CHARLESTON—Some of the Diocese of Charleston’s history during the Civil War can now be seen and read online thanks to the S.C. Digital Library.
The Internet based library, www.scmemory.org, is a group effort by the state’s schools, libraries, archives, museums and other cultural heritage institutions. SCDL initiated the project to provide the knowledge, resources, and capacity necessary for collaborators to complete their digital projects, according to its website.
Their mission is to encourage participants, such as the Diocese of Charleston Office of Archives, to create, maintain, and promote digital collections that represent South Carolina’s historical and cultural resources, particularly for educational purposes.
The repository has regional sites thanks to the cooperation of institutions including the University of South Carolina, Clemson University and the College of Charleston. The Lowcountry branch digital library, http://lowcountrydigital.library.cofc.edu, was funded by a Donnelley Foundation grant at the College of Charleston.
Officials there hope to have 50,000 items from public and private archives in the area and asked the Diocese of Charleston’s Office of Archives to participate, according to Brian P. Fahey, archivist.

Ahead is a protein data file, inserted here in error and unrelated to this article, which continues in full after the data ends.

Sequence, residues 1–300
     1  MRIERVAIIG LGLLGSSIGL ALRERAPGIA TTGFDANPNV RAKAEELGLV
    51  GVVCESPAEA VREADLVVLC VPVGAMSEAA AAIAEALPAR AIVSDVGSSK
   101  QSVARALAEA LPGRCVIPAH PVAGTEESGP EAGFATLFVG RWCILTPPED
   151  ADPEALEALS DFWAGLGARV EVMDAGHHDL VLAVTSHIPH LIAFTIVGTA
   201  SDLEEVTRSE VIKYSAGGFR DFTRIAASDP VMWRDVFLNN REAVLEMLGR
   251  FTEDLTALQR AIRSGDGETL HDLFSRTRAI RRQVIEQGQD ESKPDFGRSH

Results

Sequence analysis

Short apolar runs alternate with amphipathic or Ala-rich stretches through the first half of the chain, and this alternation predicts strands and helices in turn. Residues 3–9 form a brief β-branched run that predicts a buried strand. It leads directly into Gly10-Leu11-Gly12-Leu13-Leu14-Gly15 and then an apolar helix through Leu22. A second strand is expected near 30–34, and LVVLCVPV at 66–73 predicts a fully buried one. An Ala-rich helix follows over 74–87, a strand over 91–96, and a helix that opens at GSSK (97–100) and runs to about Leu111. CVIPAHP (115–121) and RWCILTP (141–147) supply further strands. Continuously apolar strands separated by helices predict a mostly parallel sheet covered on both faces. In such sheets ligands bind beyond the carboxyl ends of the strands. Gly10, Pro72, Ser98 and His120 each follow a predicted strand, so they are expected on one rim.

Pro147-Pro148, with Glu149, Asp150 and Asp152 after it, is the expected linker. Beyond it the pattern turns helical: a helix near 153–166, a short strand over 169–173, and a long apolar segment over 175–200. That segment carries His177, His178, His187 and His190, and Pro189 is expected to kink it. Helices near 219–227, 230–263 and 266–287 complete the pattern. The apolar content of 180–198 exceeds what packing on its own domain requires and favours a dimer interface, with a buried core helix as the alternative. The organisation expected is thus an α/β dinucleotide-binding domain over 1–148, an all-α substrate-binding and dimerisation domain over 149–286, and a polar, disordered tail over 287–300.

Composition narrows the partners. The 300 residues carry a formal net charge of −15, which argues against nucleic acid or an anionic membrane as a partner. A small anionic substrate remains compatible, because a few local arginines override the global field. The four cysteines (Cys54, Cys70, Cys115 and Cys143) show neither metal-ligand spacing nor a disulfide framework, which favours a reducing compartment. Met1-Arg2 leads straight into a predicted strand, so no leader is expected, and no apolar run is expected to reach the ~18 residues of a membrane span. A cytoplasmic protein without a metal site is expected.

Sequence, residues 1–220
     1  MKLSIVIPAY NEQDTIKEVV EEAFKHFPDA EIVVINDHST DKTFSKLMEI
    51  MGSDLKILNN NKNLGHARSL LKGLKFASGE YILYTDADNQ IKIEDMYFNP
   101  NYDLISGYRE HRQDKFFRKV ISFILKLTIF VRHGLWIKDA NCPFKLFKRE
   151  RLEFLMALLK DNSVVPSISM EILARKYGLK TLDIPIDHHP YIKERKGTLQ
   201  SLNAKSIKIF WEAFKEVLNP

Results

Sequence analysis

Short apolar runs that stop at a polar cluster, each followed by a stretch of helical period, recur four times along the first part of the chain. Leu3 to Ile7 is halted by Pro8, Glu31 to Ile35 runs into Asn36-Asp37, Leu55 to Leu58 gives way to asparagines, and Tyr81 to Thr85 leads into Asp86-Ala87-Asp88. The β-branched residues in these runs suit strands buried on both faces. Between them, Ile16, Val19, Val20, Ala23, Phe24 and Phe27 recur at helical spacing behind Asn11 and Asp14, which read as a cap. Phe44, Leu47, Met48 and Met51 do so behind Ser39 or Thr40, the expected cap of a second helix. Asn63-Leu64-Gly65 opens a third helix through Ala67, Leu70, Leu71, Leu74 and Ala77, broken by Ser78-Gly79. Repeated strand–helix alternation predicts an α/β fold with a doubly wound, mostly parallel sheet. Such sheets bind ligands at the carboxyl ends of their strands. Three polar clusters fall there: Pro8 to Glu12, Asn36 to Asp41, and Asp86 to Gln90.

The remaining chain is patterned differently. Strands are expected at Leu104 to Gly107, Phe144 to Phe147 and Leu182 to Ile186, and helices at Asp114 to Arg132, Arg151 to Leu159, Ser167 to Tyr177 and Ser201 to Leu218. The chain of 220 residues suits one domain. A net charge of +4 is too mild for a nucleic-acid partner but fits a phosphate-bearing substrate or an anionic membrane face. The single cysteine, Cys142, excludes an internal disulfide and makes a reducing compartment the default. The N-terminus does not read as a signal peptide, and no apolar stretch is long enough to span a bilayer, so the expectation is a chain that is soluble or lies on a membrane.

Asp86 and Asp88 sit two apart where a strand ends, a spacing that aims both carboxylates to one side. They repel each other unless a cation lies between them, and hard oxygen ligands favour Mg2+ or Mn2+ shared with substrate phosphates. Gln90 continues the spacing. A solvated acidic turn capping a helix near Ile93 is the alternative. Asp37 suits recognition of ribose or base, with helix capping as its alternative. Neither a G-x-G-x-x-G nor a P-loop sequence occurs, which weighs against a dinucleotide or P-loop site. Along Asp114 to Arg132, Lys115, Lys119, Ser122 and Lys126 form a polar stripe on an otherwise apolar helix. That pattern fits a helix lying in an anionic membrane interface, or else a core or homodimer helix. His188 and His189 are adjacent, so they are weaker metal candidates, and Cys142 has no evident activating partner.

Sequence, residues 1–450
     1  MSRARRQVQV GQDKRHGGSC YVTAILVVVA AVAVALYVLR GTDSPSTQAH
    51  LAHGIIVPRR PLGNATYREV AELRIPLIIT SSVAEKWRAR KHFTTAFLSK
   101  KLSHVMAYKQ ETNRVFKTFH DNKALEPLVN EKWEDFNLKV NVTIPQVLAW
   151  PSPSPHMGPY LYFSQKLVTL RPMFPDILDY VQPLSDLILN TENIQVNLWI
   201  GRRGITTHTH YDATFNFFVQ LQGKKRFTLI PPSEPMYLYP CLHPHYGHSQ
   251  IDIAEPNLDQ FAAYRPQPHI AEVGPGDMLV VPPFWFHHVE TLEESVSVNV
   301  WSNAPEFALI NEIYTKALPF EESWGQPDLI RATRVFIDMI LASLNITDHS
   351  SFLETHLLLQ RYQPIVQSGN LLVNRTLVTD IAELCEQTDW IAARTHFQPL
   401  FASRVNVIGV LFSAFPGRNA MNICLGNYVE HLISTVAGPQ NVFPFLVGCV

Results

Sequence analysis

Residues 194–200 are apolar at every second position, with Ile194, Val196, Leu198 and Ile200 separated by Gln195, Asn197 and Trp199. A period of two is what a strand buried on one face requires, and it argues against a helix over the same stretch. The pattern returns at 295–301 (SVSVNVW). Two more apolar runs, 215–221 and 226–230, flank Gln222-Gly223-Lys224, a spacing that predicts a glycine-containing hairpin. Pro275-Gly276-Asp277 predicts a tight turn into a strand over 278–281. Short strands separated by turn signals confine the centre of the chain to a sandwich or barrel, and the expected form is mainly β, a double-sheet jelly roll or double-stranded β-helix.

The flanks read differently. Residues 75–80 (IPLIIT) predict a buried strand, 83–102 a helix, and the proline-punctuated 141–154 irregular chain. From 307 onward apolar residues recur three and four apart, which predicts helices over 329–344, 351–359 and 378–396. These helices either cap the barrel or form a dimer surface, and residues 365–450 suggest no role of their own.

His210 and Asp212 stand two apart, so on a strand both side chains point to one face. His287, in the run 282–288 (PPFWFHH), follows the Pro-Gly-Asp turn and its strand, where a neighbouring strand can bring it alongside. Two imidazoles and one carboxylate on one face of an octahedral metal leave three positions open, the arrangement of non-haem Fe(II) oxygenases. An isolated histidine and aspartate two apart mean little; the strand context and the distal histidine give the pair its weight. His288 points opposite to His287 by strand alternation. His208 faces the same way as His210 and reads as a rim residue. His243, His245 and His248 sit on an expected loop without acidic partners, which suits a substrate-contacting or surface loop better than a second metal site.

“The Lowcountry Digital Library wanted portions of our collection that had a national scope,” Fahey said. “So we used Bishop Patrick Lynch, who was an emissary to the Papal States for the Confederate States to seek diplomatic recognition.”
The collected works include personal letters from 1858 to 1866, letters from family members in Cheraw, and his sister, Sister Baptista Lynch, mother superior of the Ursulines in Columbia.
“Most of the correspondence relates to the hardships, trials and tribulations of living during a Civil War,” Fahey said.
Bishop Lynch was the third bishop of the diocese, serving from 1858 until his death in 1882. The diocese consisted of North and South Carolina, Georgia, the Bahamas and Bermuda, and was embroiled in the Civil War.
Bishop Lynch was born in Ireland and came to Cheraw in 1819. He was ordained in 1840 in Rome. He was appointed vicar general to Bishop Ignatius Reynolds in 1850 and ordained bishop at the Cathedral of St. John and St. Finbar in 1858.
In 1864 Southern President Jefferson Davis sent the bishop to Rome as a delegate to obtain the Vatican’s recognition of the Confederate states. He met with Pope Pius IX who condemned slavery and refused the request. While he was away, the Cathedral burned in the Great Fire of 1861, and the diocese was devastated by the war. The online collection includes a letter from the bishop’s brother, Francis, expressing his sorrow over the loss.
Until his death on Feb. 26, 1882, Bishop Lynch raised money to rebuild from the ruins.